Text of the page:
“I make a body shape with my body then hold still and say, ‘One.’ Then, my partner looks at my choice and makes a body shape that relates to it in some way. She or he freezes and says, ‘Two.’ When I feel that my partner is still, I consider their body shape and I make another shape and say ‘Three,’ then my partner takes a turn and says… ‘Four.’ This process continues between the partners until together you count to ten.” “Find a partner and together let’s try it a few times.” Start everyone together at the same time and cue them to hold their final body shapes and wait quietly and watch others until everyone finishes.

“Stay still in your final body shape when you finish.” When all groups finish: “Try to hold your shape while you look around to see all the different groups in the room.”

Change rules:

“We can add rules or parameters to this basic structure.” Each new rule can change how we move or how we are still. BASTE elements are a source for changing the rules. Let’s try a variation with the BASTE element of LOCOMOTOR ACTION.

“This time when you are doing 1 - 10 with your partner, move around the room in some way (skip, slide, roll, walk fast) before settling into a body shape. This will result in longer transitions between stillnesses.” Partners do this together to practice.


Then observe half the group. Half of the group watches while the other half moves, then switch roles.

“Let’s watch everyone on this half of the room. Everyone else, come have a seat. While you’re observing, think about this question: Does anything in this version of 1 - 10 remind you of weather in different seasons? Why? What is it about the movement that gives us ideas about weather in fall, winter, spring or summer? ” After the group demonstrates, talk together about their observations.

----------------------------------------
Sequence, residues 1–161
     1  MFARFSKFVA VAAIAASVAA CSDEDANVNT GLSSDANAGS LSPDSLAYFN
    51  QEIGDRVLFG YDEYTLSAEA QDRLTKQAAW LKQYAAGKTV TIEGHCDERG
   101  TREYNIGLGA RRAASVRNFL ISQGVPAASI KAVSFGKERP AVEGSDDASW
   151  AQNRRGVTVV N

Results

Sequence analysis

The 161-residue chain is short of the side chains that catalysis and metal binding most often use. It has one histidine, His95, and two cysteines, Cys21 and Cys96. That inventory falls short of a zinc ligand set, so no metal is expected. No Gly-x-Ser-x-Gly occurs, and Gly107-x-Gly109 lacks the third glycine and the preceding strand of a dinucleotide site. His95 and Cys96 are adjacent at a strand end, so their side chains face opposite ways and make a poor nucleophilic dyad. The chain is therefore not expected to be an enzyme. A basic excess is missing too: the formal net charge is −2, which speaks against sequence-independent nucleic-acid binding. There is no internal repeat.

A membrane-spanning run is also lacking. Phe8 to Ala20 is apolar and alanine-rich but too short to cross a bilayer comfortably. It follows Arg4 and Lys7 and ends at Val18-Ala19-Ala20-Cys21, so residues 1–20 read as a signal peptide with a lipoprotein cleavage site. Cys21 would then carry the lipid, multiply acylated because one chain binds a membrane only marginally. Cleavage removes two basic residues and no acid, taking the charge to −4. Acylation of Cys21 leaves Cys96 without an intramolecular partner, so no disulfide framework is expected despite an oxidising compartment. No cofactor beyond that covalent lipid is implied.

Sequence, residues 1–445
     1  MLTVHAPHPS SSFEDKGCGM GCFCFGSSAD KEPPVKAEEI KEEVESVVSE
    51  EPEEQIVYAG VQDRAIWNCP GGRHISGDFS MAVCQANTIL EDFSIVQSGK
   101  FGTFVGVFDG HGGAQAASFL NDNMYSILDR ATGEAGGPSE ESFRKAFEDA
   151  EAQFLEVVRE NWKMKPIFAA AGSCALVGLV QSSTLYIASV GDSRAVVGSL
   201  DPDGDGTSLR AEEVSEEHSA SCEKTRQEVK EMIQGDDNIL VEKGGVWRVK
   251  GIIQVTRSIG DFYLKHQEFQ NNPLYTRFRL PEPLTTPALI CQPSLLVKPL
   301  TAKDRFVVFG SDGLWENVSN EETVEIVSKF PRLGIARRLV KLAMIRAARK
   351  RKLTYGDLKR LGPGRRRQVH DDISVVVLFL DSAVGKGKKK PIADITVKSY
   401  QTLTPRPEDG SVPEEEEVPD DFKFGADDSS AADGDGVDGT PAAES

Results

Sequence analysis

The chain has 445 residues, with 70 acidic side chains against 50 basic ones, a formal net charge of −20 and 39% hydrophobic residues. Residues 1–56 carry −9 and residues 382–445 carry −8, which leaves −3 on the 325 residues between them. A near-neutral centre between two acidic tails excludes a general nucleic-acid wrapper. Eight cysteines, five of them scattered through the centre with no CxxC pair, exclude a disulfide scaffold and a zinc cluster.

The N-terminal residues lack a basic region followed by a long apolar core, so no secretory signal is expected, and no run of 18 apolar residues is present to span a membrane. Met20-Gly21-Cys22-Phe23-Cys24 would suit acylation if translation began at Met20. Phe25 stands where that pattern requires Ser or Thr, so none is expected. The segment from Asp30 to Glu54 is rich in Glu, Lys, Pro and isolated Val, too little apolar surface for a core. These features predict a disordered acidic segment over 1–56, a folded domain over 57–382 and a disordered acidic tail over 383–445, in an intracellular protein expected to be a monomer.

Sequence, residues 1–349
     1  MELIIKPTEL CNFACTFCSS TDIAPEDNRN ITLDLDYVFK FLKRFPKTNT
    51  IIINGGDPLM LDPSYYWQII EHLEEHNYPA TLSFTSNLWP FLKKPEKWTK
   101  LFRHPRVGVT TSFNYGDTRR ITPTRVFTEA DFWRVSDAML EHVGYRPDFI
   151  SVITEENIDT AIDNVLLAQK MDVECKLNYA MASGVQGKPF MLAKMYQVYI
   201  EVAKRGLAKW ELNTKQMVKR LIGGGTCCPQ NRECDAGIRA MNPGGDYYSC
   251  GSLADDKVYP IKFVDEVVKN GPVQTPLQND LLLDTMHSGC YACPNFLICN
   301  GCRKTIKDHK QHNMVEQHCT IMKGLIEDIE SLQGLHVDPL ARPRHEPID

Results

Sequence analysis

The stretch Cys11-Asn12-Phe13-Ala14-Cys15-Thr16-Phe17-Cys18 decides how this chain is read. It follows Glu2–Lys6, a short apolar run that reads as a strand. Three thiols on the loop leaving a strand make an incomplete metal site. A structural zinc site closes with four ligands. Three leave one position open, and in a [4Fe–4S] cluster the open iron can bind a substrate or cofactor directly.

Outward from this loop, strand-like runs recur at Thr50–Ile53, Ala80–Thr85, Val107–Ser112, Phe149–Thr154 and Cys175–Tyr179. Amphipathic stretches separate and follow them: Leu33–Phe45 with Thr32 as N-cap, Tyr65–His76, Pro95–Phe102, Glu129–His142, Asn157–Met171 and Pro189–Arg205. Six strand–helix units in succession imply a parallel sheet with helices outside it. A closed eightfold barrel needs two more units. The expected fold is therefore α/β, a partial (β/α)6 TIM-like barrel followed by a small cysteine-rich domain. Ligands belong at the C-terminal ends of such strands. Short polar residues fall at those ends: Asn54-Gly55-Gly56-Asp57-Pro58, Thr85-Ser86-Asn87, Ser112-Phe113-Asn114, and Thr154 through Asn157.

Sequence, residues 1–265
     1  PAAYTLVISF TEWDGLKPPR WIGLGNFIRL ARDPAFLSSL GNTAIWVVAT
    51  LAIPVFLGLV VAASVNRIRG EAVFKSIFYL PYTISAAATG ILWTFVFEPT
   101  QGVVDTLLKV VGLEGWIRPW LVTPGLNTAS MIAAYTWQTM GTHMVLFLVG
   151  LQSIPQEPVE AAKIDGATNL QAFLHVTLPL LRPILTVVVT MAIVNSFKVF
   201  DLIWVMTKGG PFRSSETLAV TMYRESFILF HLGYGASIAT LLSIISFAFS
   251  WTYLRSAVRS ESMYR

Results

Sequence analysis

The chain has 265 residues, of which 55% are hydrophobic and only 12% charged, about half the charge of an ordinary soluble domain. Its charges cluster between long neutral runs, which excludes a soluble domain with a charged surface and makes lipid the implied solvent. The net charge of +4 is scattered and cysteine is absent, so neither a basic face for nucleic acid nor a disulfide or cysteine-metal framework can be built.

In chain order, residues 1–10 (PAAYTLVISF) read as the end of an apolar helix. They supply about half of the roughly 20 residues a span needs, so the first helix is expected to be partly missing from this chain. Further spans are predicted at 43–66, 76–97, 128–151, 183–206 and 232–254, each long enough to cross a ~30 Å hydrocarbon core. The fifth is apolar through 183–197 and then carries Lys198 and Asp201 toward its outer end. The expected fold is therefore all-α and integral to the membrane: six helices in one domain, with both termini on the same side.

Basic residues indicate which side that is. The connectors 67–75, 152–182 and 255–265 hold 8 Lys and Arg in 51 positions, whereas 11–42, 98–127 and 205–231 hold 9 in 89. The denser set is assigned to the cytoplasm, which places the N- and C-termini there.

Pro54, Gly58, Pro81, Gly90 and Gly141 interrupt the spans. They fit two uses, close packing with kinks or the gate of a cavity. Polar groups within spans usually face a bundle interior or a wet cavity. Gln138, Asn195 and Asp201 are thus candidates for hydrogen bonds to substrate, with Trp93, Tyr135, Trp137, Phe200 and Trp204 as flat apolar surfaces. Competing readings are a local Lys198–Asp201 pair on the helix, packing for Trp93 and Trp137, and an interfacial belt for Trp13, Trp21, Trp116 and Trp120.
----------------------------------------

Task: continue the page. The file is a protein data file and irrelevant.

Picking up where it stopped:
Developed by Forklift Danceworks for Austin ISD and MindPOP’s Creative Learning Initiative, August 2014


“If we want to make it even more about the seasons or the patterns in the seasons, what can we do? How can we revise the rules to give us a different outcome?” Group discussion. Follow the line of discussion and debate. Let that guide revisions. Decide on rule changes and try 1 to 10 with those rules in mind. Reinforce effective imagery or ideas that are mentioned in discussion (only be one or two things). Repeat this discussion/revision cycle as needed.

“We have many good ideas here. Let’s choose one (or two) as rule changes. We will ____________ (rule change). Let’s watch the second group apply these rules.” Partners demonstrate 1 to 10 with one to two rule changes.

“In the classroom, you can repeat this discussion and revision cycle as needed. We could do it again and again with additional rule changes and revisions. Let’s keep working with this strategy with a more specific prompt. ” SPECIFIC PROMPT For example: Cirrus and cumulus clouds and wind conditions (breeze or strong wind or storm) Ask students to define what they know about the different types of clouds or show pictures and ask them to tell you about the clouds that they see.

“How can you make a body shape that demonstrates the idea of a cirrus cloud? (Look for and encourage long, reaching body shapes that might give an image of a wispy cirrus cloud) What about a cumulus cloud?” (look for and encourage rounded, curved, more clumping body shape that might create an image of a cumulus cloud).

“Let’s use this idea to do 1 to 10 again with your partner. Whenever you make a body shape, make the shape of a cirrus or cumulus cloud. You get to choose which one. Decide who in your group will go first and let’s all begin together.” Partners do 1 to 10 with specific body shape idea.